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This article was published 9/7/2019 (320 days ago), so information in it may no longer be current.
Surrounded by tools and the appeal of the trades industry, 16 girls have gathered at Red River College to build friendships and possibly a path for their future.
With their hair tied back and sleeves rolled up, hammers and spirits were raised Tuesday while creating patterns on metal sheets at the 13th annual Girls Exploring Trades and Technology (GETT) camp.
Although the dented metal may not seem useful, over the course of the four-day camp, the 12- to 14-year-olds will get hands-on experience with different skilled trades under the guidance of the college’s instructors.
This year, the students will transform sheet metal into a lampshade, and create all of the other required parts for a lamp, including piping for the body, wood for the base, automotive paint for colour and electrical work.
Grace Alice Holt Frank said, as a 13-year-old girl, it is an encouraging environment.
"I’ve never been with so many girls. I’m usually surrounded by boys if I’m doing a certain shops class, because the girls in my school, they tend to prefer delicates, like going to the computers or doing cuisine or sewing or stuff like that — so it’s a unique experience, getting girls doing electrics and woodworks," she said.
Aubrey Doerksen, a cabinetry and woodworking instructor at RRC, was the group leader.
"I think in other trades, it can be a little more difficult for the girls to feel like they belong, because there are a lot of trades where it’s a little more rough-and-tumble," she said, adding woodworking attracts more women due to its creative nature.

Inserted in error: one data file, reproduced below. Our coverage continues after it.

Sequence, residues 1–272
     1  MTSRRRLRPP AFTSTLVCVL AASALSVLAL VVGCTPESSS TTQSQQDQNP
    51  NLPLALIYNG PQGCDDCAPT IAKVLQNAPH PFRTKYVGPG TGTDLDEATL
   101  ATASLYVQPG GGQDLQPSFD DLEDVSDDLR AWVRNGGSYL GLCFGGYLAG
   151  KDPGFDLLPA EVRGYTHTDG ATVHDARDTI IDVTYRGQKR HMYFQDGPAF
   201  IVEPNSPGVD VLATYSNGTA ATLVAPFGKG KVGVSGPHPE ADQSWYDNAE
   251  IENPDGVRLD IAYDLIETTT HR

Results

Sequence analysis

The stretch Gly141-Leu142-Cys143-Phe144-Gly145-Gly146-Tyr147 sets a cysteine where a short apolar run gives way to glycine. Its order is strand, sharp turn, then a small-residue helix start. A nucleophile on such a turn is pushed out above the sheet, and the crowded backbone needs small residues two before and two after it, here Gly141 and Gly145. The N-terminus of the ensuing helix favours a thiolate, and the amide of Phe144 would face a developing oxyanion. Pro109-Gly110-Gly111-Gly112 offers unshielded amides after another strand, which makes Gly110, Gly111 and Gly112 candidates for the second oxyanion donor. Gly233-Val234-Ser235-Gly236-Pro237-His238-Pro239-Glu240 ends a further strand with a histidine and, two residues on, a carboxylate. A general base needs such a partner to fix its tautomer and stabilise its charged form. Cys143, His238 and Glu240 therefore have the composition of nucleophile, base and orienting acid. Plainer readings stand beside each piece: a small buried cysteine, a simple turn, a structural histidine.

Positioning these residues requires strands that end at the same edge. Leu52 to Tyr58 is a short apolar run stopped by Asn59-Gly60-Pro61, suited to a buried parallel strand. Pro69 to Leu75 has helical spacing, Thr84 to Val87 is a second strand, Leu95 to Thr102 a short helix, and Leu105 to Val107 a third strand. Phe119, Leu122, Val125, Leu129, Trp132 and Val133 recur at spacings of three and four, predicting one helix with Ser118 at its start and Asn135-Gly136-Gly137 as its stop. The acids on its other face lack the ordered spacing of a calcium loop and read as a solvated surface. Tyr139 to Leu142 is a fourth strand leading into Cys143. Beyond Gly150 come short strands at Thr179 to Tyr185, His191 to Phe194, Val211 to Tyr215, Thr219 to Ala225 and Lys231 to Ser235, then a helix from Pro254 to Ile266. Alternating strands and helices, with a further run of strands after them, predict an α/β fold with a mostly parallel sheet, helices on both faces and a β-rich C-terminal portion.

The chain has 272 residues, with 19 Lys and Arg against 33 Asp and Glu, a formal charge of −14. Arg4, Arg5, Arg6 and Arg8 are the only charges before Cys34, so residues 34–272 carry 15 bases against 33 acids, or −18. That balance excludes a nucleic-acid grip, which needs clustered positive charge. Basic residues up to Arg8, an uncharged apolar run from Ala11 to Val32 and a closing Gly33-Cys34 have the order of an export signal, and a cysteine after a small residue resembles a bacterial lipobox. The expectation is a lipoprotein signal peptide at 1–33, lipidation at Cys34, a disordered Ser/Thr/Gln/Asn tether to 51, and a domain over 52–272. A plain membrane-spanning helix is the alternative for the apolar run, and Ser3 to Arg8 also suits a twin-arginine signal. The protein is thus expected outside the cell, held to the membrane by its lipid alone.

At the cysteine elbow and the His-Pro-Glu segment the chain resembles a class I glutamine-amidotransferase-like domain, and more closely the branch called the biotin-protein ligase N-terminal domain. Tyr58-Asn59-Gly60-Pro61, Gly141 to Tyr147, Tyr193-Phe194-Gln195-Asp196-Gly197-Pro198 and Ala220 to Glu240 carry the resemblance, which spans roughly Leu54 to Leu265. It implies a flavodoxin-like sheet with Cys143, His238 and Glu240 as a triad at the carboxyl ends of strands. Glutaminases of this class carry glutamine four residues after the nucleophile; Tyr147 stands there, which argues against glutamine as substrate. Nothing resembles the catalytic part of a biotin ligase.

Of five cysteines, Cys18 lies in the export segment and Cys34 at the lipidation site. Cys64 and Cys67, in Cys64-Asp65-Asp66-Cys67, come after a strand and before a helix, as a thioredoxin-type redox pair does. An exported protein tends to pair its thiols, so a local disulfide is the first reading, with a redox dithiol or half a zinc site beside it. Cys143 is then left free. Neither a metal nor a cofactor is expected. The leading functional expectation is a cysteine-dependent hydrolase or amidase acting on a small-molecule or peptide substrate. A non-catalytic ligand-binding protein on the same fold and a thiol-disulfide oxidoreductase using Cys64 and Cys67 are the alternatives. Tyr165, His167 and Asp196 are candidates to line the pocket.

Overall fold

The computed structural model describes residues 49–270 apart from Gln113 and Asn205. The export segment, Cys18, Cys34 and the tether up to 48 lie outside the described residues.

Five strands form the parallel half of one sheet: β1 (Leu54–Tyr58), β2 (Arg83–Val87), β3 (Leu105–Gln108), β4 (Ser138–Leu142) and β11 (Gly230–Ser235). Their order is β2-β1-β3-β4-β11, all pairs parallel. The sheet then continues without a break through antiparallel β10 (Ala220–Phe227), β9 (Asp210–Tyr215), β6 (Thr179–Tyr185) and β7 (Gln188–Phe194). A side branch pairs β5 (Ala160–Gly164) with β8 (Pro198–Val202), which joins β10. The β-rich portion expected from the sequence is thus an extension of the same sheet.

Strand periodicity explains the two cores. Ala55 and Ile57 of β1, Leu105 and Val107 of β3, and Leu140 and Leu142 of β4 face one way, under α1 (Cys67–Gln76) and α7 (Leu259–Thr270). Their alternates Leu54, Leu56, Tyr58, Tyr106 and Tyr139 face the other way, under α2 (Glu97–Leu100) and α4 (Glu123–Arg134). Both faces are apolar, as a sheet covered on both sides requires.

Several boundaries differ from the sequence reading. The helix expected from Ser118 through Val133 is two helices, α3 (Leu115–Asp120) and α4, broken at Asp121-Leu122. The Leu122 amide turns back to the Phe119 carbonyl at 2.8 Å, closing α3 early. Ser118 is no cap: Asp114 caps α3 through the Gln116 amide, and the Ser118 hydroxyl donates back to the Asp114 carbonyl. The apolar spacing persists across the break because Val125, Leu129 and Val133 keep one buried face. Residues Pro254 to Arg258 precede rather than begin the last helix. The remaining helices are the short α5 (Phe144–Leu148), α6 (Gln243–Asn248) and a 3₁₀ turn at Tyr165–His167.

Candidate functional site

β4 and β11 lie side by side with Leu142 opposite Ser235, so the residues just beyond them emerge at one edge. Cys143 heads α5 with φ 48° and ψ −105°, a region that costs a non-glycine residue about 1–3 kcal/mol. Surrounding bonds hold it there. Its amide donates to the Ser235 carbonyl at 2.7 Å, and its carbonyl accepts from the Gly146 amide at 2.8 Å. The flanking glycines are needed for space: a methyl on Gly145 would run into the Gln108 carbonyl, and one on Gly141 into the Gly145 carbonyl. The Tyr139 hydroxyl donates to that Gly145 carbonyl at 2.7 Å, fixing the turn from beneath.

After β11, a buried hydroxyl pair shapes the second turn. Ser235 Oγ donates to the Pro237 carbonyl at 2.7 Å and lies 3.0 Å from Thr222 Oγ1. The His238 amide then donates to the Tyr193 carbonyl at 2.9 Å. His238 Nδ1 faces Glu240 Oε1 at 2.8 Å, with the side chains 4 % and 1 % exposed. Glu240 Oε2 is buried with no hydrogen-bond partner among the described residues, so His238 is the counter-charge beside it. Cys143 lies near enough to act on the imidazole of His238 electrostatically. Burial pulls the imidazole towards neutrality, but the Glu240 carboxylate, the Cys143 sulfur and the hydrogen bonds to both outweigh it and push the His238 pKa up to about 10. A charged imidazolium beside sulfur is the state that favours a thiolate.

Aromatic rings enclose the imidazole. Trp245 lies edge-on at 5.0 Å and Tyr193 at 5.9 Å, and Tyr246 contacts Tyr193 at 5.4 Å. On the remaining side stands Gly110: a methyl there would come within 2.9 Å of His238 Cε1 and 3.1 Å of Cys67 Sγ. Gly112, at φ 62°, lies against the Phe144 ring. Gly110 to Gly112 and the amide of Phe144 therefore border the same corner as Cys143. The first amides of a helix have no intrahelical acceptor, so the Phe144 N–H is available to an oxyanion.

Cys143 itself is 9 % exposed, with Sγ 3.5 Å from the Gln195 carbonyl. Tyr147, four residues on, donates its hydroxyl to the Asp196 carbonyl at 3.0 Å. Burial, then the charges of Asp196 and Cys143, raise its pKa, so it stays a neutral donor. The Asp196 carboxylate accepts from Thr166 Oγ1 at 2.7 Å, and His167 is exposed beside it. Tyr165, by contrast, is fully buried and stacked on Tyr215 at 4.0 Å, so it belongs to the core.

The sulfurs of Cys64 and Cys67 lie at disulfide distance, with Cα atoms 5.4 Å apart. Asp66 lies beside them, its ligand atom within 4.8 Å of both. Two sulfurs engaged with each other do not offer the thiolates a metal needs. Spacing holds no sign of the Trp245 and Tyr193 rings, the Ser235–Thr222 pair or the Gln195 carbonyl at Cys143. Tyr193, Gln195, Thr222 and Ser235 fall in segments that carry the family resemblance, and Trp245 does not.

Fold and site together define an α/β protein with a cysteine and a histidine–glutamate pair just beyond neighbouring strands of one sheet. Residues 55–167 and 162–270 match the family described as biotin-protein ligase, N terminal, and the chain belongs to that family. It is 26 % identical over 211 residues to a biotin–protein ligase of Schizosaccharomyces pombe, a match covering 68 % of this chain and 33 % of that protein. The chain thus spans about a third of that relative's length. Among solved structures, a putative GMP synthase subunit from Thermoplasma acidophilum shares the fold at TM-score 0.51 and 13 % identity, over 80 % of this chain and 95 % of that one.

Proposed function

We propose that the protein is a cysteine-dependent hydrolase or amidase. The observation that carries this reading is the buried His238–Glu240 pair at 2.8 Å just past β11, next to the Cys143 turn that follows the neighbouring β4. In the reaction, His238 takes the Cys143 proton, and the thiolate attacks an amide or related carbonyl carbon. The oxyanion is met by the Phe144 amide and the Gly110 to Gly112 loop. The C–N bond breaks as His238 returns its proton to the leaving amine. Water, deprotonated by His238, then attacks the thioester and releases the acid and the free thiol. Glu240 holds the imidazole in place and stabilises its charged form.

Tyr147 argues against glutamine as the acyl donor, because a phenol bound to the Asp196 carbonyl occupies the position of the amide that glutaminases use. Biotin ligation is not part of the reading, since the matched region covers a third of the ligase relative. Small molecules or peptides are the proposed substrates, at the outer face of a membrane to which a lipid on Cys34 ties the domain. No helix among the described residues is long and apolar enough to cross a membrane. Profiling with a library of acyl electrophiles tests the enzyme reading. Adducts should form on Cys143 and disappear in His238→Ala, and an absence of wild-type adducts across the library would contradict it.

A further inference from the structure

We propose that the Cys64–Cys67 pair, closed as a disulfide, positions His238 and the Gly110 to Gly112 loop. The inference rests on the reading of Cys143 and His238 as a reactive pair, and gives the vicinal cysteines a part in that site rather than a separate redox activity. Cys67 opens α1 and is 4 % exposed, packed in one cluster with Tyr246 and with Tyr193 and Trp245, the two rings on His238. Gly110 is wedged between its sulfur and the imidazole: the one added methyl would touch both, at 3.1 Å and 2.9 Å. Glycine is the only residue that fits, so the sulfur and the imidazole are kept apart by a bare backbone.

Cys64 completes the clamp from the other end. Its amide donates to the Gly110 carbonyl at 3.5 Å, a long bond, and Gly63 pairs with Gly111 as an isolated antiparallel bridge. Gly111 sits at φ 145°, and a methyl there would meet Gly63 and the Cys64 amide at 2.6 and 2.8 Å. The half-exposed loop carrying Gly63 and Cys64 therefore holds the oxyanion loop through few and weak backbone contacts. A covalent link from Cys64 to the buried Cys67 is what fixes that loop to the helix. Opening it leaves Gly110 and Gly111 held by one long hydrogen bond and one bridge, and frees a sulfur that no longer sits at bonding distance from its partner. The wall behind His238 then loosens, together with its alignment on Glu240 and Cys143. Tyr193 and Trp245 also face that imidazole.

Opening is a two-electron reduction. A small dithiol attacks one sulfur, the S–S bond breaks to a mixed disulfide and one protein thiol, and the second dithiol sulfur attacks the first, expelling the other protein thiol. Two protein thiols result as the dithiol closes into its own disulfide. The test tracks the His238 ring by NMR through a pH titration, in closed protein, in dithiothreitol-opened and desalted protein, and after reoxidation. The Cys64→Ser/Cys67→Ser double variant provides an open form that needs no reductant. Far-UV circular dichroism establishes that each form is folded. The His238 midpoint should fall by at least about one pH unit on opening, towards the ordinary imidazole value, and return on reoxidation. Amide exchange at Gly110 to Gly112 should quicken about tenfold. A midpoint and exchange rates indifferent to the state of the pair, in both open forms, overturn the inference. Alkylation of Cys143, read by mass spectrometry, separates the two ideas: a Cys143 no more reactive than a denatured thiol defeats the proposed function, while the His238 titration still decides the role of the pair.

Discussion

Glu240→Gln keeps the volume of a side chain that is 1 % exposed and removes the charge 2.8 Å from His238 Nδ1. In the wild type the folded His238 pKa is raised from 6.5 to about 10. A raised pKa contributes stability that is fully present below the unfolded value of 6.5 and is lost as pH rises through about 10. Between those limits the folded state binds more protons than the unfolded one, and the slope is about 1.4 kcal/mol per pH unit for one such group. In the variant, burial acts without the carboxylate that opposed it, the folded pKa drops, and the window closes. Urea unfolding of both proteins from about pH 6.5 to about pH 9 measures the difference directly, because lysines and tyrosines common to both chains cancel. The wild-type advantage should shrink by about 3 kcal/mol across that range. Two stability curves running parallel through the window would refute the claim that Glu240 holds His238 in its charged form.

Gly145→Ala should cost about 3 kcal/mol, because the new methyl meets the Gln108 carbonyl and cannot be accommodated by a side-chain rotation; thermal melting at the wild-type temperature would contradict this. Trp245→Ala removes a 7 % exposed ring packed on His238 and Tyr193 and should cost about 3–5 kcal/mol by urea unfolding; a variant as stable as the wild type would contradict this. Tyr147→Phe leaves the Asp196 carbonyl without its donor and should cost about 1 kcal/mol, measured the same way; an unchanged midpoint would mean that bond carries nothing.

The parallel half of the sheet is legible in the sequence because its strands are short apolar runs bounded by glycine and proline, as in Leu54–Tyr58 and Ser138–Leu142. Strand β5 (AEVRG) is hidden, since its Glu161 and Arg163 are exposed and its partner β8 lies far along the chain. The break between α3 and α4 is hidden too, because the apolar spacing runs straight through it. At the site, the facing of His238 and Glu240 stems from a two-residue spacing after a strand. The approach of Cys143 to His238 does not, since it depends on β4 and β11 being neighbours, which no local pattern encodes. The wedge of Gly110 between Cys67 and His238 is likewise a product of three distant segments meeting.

"You are having to sling around really heavy stuff, you’re hanging around equipment that can be really hard on your body, so it can be tough to integrate into trades like that. But I think overall, if a girl is willing to come in and learn a trade and show that she’s there to work just as hard as anyone else, she’s going to do fine no matter where she goes."
During Doerksen’s 31/2 years at Red River College, she said female enrolment has remained steady and, at times, females have outnumbered males in the classroom.
Recent statistics provided by RRC indicate a three per cent increase in women entering skilled trades over the past 15 years. Over the past five years, an average of 115 women have enrolled in skilled trades and technology programs at the college.
Doerksen said although she didn’t consider pursuing trades after she completed high school, she finds the GETT camp encourages girls to see their future potential.
"What I really like about this is that it makes it less scary to look into a shop and see all these machines and tools, and now those things aren’t scary anymore," she said.
"So it opens up options for them to incorporate some of these skills into their lives and, if they decide to do this as something they enjoy, then even better."